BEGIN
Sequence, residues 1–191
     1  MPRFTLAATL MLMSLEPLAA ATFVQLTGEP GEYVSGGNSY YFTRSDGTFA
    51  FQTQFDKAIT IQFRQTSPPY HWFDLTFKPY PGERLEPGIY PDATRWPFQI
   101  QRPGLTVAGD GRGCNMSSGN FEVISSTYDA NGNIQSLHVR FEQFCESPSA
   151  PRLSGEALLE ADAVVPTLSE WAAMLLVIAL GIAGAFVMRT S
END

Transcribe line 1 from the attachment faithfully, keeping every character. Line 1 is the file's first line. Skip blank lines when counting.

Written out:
Sequence, residues 1–191